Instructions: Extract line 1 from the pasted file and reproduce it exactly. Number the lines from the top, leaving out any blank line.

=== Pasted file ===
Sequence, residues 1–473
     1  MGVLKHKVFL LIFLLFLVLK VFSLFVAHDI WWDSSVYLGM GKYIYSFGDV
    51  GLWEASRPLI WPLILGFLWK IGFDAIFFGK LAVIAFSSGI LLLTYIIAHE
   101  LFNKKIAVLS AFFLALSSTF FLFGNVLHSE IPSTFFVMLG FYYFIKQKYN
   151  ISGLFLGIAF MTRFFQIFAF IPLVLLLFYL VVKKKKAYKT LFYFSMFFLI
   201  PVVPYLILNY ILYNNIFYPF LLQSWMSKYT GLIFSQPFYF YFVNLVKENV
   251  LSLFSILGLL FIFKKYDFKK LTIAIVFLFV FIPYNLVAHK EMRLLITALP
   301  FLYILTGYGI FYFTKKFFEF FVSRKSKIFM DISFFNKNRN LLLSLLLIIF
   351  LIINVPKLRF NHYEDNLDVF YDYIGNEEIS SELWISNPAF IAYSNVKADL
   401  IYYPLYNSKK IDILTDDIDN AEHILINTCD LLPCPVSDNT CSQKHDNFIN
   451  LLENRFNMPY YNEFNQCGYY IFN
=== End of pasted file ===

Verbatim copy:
Sequence, residues 1–473